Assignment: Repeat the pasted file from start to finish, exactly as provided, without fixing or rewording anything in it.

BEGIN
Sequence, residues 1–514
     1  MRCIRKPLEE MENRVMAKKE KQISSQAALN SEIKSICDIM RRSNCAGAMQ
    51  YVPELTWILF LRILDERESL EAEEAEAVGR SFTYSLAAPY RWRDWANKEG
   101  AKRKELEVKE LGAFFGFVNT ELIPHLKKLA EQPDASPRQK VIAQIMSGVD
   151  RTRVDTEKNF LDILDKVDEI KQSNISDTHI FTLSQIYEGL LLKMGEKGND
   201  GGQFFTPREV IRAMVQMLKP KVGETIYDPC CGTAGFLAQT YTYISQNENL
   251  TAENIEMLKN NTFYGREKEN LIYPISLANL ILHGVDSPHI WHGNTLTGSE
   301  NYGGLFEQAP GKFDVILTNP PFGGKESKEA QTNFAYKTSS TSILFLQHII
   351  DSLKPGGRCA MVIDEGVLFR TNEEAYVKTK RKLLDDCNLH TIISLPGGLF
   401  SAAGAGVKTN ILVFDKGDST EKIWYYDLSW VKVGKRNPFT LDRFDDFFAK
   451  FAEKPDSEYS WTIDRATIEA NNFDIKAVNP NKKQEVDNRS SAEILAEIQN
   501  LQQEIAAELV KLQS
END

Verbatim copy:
Sequence, residues 1–514
     1  MRCIRKPLEE MENRVMAKKE KQISSQAALN SEIKSICDIM RRSNCAGAMQ
    51  YVPELTWILF LRILDERESL EAEEAEAVGR SFTYSLAAPY RWRDWANKEG
   101  AKRKELEVKE LGAFFGFVNT ELIPHLKKLA EQPDASPRQK VIAQIMSGVD
   151  RTRVDTEKNF LDILDKVDEI KQSNISDTHI FTLSQIYEGL LLKMGEKGND
   201  GGQFFTPREV IRAMVQMLKP KVGETIYDPC CGTAGFLAQT YTYISQNENL
   251  TAENIEMLKN NTFYGREKEN LIYPISLANL ILHGVDSPHI WHGNTLTGSE
   301  NYGGLFEQAP GKFDVILTNP PFGGKESKEA QTNFAYKTSS TSILFLQHII
   351  DSLKPGGRCA MVIDEGVLFR TNEEAYVKTK RKLLDDCNLH TIISLPGGLF
   401  SAAGAGVKTN ILVFDKGDST EKIWYYDLSW VKVGKRNPFT LDRFDDFFAK
   451  FAEKPDSEYS WTIDRATIEA NNFDIKAVNP NKKQEVDNRS SAEILAEIQN
   501  LQQEIAAELV KLQS